Elon Musk is revolutionizing space travel, electric cars, solar power, and even tunnels these days. But you probably didn’t know he’s funding a project to help children in Tanzania read and write to the tune of $15 million.
It’s called the Global Learning XPRIZE, the latest attempt from the XPRIZE Foundation to revolutionize a new area of the world. They’ve tackled space planes and tricorders in the past, and are currently also running a race to the Moon.
This time around, the project is a much more humanitarian effort. The goal is to find a way to teach illiterate children to read, write, and do math by themselves. Globally, about 260 million children do not have access to primary or secondary education.
This project aims to address that. In Tanzania, children from 150 villages will be given one of 8,000 Pixel C tablets supplied by Google. On them will be software designed by a variety of teams as part of the XPRIZE to help the children (aged seven to ten) learn without more formal education.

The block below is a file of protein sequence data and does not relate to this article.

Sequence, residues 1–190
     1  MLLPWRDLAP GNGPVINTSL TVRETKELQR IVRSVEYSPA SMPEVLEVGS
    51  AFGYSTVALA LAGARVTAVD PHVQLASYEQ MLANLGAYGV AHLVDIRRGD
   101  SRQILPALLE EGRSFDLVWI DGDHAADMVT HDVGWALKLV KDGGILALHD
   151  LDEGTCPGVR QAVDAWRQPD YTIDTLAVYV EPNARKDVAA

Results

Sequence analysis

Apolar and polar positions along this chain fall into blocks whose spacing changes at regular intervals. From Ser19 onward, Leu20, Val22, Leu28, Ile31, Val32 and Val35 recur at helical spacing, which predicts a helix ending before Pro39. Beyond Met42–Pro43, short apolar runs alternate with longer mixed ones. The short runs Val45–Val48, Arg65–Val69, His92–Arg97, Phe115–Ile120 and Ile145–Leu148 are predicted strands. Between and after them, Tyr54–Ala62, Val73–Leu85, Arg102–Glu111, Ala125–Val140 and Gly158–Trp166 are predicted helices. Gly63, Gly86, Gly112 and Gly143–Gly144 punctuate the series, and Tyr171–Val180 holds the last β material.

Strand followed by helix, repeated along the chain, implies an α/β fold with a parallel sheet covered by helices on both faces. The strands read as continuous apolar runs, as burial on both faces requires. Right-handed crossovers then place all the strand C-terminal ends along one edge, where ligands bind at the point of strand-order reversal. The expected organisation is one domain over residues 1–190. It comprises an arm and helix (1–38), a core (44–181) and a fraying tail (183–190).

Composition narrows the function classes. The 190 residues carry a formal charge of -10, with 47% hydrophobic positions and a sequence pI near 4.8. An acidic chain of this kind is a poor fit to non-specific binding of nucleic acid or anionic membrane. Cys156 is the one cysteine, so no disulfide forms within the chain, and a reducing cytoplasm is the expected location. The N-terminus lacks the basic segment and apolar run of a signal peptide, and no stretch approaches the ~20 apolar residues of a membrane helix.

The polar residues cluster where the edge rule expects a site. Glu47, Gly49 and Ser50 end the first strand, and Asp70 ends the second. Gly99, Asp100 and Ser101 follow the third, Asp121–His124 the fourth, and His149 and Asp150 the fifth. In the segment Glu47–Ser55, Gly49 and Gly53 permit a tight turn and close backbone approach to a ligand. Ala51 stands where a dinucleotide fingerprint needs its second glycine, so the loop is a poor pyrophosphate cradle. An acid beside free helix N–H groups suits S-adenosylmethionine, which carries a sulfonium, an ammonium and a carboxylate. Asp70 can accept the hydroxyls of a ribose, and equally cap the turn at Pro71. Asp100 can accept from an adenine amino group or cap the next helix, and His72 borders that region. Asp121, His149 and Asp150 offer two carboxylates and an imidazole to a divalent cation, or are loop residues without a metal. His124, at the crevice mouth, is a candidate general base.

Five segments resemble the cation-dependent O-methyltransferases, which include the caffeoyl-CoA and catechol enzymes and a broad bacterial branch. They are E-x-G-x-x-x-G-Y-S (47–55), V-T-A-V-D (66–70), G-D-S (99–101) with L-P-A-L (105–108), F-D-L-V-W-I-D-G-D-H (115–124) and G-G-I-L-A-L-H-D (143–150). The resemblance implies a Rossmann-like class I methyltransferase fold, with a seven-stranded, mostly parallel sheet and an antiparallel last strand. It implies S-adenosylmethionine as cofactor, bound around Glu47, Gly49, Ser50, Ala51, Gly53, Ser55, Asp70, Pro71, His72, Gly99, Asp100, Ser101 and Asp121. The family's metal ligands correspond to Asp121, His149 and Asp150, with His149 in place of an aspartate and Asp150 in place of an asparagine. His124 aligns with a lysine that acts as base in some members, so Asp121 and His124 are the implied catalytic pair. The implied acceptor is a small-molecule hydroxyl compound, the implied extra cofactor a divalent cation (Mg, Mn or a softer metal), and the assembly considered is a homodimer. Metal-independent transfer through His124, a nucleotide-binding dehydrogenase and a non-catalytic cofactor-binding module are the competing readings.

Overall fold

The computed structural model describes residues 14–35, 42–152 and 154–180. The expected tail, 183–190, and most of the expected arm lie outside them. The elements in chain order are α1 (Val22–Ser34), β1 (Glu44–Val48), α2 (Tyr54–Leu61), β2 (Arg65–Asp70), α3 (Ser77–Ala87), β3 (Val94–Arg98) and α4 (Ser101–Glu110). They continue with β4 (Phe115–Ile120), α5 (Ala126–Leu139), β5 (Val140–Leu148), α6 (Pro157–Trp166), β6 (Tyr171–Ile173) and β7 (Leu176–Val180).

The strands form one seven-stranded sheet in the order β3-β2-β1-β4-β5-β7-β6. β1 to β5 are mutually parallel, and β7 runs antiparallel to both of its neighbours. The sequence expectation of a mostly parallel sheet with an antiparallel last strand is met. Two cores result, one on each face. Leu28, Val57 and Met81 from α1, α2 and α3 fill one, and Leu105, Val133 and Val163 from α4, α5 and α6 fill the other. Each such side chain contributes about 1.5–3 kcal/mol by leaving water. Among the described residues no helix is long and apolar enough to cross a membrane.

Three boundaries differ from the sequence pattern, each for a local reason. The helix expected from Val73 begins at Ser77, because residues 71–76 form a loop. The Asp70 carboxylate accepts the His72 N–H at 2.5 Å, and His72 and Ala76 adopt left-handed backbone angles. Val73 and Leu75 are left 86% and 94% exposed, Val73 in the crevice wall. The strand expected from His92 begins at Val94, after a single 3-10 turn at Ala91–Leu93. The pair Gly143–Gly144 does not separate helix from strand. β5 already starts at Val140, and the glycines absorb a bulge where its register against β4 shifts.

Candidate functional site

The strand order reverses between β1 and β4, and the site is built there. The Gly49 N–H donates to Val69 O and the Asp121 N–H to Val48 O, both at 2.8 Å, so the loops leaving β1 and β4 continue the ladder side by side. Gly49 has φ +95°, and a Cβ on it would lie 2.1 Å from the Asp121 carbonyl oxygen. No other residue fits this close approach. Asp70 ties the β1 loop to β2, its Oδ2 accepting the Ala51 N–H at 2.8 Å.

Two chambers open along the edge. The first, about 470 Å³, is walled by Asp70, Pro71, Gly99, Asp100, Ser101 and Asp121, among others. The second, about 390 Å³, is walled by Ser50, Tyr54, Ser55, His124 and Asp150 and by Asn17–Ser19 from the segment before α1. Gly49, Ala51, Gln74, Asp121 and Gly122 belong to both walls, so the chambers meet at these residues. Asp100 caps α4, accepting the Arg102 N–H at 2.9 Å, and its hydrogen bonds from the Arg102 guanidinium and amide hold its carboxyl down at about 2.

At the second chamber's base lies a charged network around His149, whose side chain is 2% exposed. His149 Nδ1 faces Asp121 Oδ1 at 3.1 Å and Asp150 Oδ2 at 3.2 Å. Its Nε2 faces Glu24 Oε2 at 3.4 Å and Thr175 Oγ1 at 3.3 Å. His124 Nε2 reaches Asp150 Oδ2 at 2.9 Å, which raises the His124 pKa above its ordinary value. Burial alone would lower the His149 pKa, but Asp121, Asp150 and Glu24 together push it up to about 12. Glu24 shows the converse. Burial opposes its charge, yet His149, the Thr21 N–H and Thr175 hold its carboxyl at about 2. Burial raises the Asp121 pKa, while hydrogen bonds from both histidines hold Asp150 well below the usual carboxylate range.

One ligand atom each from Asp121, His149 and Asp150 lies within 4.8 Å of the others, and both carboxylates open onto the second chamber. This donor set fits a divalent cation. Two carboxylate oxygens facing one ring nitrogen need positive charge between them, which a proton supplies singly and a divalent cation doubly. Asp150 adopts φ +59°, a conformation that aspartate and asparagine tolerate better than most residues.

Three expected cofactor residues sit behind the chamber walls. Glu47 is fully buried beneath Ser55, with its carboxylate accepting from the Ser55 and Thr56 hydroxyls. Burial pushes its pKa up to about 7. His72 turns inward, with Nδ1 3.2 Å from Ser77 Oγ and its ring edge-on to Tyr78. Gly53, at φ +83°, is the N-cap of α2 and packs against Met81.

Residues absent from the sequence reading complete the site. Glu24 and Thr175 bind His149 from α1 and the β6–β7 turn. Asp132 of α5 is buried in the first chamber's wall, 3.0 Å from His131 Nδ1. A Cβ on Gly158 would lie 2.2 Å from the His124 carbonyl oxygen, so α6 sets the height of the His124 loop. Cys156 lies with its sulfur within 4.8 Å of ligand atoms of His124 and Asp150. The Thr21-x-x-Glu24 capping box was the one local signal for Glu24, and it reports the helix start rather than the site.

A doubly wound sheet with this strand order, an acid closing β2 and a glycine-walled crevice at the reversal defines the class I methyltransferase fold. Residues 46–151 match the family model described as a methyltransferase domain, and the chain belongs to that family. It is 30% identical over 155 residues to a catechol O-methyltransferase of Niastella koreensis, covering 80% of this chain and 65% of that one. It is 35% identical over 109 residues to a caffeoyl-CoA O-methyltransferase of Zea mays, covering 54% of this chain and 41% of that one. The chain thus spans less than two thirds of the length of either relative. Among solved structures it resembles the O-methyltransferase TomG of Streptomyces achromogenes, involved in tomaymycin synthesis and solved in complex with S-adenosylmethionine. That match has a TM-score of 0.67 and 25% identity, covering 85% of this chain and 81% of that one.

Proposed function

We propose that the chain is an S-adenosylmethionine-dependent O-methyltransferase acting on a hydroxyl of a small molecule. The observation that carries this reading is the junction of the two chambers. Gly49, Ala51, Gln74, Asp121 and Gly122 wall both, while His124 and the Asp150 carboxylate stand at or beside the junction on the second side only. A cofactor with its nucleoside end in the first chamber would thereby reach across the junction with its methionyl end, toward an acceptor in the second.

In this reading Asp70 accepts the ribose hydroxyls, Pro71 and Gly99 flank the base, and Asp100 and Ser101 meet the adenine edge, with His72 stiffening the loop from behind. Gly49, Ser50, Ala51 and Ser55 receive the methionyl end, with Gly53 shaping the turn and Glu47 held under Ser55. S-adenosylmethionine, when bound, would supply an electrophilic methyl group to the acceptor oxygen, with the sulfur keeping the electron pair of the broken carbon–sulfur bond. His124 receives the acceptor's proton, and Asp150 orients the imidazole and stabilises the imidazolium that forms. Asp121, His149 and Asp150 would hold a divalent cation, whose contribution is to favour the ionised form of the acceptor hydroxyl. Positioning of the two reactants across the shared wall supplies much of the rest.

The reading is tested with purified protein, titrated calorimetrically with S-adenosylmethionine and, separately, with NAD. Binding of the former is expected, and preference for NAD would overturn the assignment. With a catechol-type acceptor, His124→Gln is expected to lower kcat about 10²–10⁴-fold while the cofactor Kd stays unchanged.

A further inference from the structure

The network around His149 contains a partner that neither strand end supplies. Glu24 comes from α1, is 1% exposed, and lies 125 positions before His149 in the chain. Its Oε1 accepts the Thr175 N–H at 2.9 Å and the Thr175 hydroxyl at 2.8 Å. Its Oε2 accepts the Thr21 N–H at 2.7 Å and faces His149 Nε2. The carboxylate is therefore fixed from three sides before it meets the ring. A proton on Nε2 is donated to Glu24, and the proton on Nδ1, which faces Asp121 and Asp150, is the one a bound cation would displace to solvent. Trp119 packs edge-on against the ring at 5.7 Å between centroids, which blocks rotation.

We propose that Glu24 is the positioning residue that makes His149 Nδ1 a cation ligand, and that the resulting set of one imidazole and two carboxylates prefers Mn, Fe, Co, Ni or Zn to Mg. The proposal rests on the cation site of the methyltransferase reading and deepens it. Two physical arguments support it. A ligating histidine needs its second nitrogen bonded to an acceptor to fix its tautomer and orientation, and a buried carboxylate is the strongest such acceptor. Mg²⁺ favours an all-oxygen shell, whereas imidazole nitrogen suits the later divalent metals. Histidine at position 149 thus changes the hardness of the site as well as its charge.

Today, XPRIZE announced it had picked 11 semi-finalists from around the world, whittled down from 198 entrants in 2014, to move on to the next stage of the project. These will now have one month to finalize their software, which must be open source. In September, five finalists will be picked, each awarded $1 million, to move ahead with tests in Tanzania.
“The goal is getting [the children] to the highest level possible, but particularly to the cusp of going from learning to read to reading to learn,” Matt Keller, senior director for the Global Learning XPRIZE, told IFLScience. “It’s a moon shot for sure.”
Over 18 months, the children will use the learning resources on the tablets, with “substantial” pre-tests and post-tests focusing on reading, writing, and arithmetic, said Keller. Whichever team sees the most marked improvement in their children – compared to a control group – will win $10 million.
The tests that will be used are the Early Grade Reading Assessment (EGRA) and the Early Grade Math Assessment (EGMA). XPRIZE has picked children who live very far from a school, making getting an education almost impossible. “They will all be largely illiterate, living in very remote places,” said Keller.